Return on Elizabethton Twins investment is more about fan satisfaction than money

Published 10:33 am Monday, August 15, 2016

Our View

For some local baseball fans, they can not remember a season when the Elizabethton Twins did not play summer ball in Elizabethton. That’s how long the Minnesota Twins have had a relationship with Elizabethton – 42 years.
That relationship is now threatened.
Earlier this year the Minnesota Twins, parent organization of the Elizabethton Twins, had proposed improvements to Joe O’Brien Field and offered to donate $600,000 toward the upgrades, which included a new stadium and locker rooms. The improvements are expected to cost an estimated $1.8 million.
This week, the City was notified that the Minnesota organization has taken its offer of the table due to changes in leadership at the upper level of the organization and the city’s reluctance to move forward on the request. Earlier this season, the Minnesota Twins admitted that it had been approached by the City of Sevierville about moving the rookie team there. Sevierville has a brand new facility, but no minor league team.
The City would rather not use public funds to make the improvement requested by the Twins organization. It is known that City leaders have approached a couple of local businesses about providing the money for the upgrades.
City leaders have been hesitant about providing any money for the upgrades, even though the Elizabethton Twins have many loyal fans in the community. This also, despite that any number of towns and cities would love to have the rookie team playing in their community. Minor league owners understand that if their host city does not support them adequately through attendance levels or stadium subsidies, other cities might.
On the basis of risk and return, investing in minor league stadiums does not appear financally prudent since the community almost always owns the stadium but not the team. Therefore, the community is investing in an asset that depreciates in value while facing the additional risk of losing the team at any time. Also, Minor League Baseball, in itself, does not generate a lot of jobs and doesn’t attract thousands of fans like a Major League team.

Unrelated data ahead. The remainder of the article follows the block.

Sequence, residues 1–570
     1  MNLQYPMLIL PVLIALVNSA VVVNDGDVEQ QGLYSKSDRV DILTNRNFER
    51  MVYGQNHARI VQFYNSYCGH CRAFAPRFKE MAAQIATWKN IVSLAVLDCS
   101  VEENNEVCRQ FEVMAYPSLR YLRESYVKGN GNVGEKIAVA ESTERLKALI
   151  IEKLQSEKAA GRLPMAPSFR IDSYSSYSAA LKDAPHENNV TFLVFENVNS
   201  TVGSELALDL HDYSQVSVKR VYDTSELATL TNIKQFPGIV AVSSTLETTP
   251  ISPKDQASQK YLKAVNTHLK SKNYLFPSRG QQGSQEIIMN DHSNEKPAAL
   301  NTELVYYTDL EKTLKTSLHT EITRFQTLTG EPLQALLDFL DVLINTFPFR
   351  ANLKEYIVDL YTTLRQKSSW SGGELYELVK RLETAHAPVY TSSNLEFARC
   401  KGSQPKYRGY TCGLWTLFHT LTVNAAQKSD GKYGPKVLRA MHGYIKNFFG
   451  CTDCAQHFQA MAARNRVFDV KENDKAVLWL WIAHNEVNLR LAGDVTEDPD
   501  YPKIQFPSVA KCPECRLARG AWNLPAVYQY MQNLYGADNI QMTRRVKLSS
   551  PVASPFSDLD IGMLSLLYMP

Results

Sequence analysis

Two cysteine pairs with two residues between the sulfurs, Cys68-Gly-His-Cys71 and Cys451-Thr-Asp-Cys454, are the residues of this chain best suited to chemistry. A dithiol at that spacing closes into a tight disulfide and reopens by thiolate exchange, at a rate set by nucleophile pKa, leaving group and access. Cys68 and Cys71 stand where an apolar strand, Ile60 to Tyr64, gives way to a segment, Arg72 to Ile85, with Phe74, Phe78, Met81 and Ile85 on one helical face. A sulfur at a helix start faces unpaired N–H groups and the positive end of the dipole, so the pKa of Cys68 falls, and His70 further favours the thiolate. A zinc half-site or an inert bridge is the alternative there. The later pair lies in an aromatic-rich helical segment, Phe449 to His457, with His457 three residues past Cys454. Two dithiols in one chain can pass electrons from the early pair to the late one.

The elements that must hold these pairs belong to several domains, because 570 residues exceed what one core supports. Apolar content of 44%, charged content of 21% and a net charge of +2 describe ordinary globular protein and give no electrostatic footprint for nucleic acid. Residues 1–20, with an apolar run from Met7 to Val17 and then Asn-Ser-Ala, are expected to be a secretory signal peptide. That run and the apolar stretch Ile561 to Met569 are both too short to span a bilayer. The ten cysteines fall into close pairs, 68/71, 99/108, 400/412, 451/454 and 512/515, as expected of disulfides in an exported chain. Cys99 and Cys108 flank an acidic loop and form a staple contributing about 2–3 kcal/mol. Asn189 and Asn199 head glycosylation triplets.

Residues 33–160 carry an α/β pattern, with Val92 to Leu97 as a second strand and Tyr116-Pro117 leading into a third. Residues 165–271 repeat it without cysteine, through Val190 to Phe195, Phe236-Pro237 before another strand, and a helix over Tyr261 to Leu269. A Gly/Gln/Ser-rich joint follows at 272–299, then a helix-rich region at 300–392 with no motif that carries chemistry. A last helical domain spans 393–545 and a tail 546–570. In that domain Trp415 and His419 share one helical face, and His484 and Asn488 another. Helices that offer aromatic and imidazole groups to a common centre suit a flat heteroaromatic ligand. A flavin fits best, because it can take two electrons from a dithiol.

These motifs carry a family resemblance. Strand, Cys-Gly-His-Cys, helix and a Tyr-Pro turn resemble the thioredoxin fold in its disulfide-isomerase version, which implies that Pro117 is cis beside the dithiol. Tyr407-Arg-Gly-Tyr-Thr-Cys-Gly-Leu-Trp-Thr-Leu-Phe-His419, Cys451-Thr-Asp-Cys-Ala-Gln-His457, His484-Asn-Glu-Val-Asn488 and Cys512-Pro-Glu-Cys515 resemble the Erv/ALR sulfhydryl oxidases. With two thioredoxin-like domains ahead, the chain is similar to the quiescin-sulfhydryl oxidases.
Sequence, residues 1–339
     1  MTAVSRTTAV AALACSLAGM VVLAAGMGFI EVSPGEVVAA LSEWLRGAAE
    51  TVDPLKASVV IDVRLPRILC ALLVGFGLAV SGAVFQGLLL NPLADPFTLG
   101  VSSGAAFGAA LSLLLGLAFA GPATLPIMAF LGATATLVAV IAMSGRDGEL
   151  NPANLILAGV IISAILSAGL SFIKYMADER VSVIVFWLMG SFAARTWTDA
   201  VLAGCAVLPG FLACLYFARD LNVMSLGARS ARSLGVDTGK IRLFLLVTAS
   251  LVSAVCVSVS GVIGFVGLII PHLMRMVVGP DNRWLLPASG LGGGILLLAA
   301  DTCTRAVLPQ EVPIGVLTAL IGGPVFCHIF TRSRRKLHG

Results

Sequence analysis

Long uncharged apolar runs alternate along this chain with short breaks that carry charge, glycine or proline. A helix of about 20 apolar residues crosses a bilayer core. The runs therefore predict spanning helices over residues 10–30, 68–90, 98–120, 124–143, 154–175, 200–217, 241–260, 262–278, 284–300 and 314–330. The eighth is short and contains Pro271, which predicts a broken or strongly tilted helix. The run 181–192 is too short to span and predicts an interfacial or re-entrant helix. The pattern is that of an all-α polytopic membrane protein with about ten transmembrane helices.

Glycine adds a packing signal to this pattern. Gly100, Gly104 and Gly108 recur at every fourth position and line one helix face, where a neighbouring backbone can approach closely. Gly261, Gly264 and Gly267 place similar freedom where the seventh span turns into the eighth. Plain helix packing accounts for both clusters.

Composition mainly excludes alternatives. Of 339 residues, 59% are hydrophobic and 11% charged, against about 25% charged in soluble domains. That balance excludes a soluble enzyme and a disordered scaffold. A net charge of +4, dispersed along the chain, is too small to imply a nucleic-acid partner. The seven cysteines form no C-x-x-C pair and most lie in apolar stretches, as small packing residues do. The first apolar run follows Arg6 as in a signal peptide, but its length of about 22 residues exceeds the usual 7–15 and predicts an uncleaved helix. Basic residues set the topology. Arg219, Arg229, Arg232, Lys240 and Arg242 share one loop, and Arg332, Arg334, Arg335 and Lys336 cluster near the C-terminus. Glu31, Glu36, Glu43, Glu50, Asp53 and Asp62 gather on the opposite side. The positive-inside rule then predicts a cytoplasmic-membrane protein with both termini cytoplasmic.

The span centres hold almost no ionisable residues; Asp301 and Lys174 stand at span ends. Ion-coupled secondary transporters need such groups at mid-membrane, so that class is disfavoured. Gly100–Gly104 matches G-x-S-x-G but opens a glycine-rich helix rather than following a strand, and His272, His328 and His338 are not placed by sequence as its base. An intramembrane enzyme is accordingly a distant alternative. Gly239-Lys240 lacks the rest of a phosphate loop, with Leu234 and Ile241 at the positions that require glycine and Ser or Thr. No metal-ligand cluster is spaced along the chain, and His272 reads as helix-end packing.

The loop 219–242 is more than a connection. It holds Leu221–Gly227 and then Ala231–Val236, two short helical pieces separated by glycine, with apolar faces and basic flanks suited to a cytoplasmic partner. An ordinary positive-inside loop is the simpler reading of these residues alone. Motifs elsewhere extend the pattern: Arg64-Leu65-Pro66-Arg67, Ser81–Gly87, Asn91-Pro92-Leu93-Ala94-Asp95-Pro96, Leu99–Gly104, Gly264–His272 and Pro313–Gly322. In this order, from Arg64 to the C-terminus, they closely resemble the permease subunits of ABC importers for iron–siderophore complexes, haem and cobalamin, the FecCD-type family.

That doesn’t mean Minor League Baseball can’t be an economic driver, however.
The loss of the local minor league team could be a real, or perceived, blow to the image of Elizabethton, to say nothing of the lost entertainment and financial benefits.
The Elizabethton Twins provides the community affordable family entertainment and the stadium and field provide a venue for other events.
It is these ancillary events that may make Elizabethton’s investment in Minor League Baseball worthwhile, even if it is not a big job creator or money-maker.
The Elizabethton Golf Course is not a money-maker for the City, but the city subsidizes it for a privileged few when compared to the number of baseball fans in the community.
For at least the past five years, the City has handed out approximately $150,000 in subsidized payments annually. The argument for the funds has always been that the golf course is a catalyst for new homes, businesses, and jobs. But, thusfar, that argument has failed to make par.
Spectator sports are an important part of our national culture in no small part due the positive “community pride” effect from having a team. Does every action and every tax dollar have to generate jobs, money, etc. The cultural importance of the Elizabethton Twins most assuredly exceeds it economic significance as a business. The intangible benefits have value.
Instead of being viewed as a drain on the local economy, the Twins team can been viewed as a positive amenity that makes Elizabethton a good place to live, to raise a family, and to work.
If we can subsidize golfing for a few, why not build a baseball stadium for those who can afford to buy $4 seats, free parking and entertainment before every game, and programs that rewards school kids, 4-Hers, and families with free nights of baseball quite often.
It’s not about the game, it’s about an evening of entertainment.
Tax money doesn’t always have to be used to build roads and sidewalks, replace leaking waterlines, and pay for picking up garbage, and educating our children. Occasionally, it should be invested in the lives of citizens — you could call it customer satisfaction!
We would strongly suggest the City get serious in its discussions with the Twins organization and do what it has to do to keep Minor League Baseball in Elizabethon.

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